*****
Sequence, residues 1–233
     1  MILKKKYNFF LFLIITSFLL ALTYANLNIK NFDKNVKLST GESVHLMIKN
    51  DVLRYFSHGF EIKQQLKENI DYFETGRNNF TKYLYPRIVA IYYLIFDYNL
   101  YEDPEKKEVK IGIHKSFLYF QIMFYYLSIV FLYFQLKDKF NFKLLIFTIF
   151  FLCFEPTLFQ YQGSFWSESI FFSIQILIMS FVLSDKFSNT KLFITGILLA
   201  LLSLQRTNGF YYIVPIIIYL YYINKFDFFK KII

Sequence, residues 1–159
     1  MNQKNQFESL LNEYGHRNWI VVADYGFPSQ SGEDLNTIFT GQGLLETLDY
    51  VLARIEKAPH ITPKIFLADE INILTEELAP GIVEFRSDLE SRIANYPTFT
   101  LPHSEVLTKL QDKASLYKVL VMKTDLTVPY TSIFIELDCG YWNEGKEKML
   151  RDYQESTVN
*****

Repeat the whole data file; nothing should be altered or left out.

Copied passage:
Sequence, residues 1–233
     1  MILKKKYNFF LFLIITSFLL ALTYANLNIK NFDKNVKLST GESVHLMIKN
    51  DVLRYFSHGF EIKQQLKENI DYFETGRNNF TKYLYPRIVA IYYLIFDYNL
   101  YEDPEKKEVK IGIHKSFLYF QIMFYYLSIV FLYFQLKDKF NFKLLIFTIF
   151  FLCFEPTLFQ YQGSFWSESI FFSIQILIMS FVLSDKFSNT KLFITGILLA
   201  LLSLQRTNGF YYIVPIIIYL YYINKFDFFK KII

Sequence, residues 1–159
     1  MNQKNQFESL LNEYGHRNWI VVADYGFPSQ SGEDLNTIFT GQGLLETLDY
    51  VLARIEKAPH ITPKIFLADE INILTEELAP GIVEFRSDLE SRIANYPTFT
   101  LPHSEVLTKL QDKASLYKVL VMKTDLTVPY TSIFIELDCG YWNEGKEKML
   151  RDYQESTVN